David Byrne’s globe-crossing quest for musical inspiration brought him in recent years to Dayton, Ohio, home of the annual World Color Guard Championships. Ever-curious and touchingly charmable, the Talking Heads frontman fell hard for this hybrid sport/dance competition for high-school teams. Color guard squads march, wave flags and toss plastic rifles, all in the long tradition of cheerleading and highly disciplined army-parade peacocking; in the last few decades, color guard has evolved into expressive collective art, with teams staging elaborate, inventive routines set to surprising musical choices and often suffused with raw feeling, all while still getting in the twirls and tosses tradition demands. Moved by the homegrown spectacle, Byrne paired up color guard teams from the U.S. and Canada with pop musicians (Nelly Furtado, Dev Hynes, St. Vincent, Lucius) who would create new music for each squad to build a performance around — and then perform in four arena concerts.
Turner and Bill Ross’s doc Contemporary Color dashes through those triumphant shows, mixing choice glimpses of life backstage (teens freaking out; pop stars marveling at those freakouts) with impressionistic tours of the performances themselves. The approach is experiential, a you-are-there-and-overwhelmed dazzlement, rather than a definitive record of each squad’s big moment. In the spirit of the Ross brothers’ life studies Tchoupitoulas and Western, Contemporary Color smooshes together many nights of life into one shimmering present, in this case an explosion of movement and music, color and fabric, show-faces and determined rehearsals, all into one vibrant now. It gets exhausting, though, and a handful of the performances pass in an unengaging blur, the directors and their crews neither capturing the complex formation movement nor finding a way to make their own medium a vital contributor to all the mixed-media madness.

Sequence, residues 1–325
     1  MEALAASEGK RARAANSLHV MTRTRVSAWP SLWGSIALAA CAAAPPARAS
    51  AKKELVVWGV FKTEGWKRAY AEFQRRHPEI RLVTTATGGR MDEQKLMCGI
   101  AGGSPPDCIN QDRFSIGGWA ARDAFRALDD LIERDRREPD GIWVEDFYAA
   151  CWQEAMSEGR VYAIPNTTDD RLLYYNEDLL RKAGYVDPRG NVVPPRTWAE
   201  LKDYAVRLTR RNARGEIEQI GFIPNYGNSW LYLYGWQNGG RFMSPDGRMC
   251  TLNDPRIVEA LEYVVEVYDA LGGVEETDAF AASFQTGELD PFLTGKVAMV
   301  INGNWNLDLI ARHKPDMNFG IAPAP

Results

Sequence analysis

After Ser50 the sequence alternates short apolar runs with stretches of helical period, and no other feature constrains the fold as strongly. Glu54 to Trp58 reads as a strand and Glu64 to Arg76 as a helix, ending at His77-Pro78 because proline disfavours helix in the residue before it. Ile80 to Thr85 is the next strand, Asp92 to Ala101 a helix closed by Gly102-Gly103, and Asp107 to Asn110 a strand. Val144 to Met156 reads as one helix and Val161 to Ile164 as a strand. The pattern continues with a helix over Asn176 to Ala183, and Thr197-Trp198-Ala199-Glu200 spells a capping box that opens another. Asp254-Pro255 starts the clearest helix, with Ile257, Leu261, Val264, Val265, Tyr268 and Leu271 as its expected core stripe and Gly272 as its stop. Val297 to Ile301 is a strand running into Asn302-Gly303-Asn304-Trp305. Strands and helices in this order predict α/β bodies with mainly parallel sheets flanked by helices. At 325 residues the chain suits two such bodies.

Directed by Turner and Bill Ross
Opens March 1, IFC Center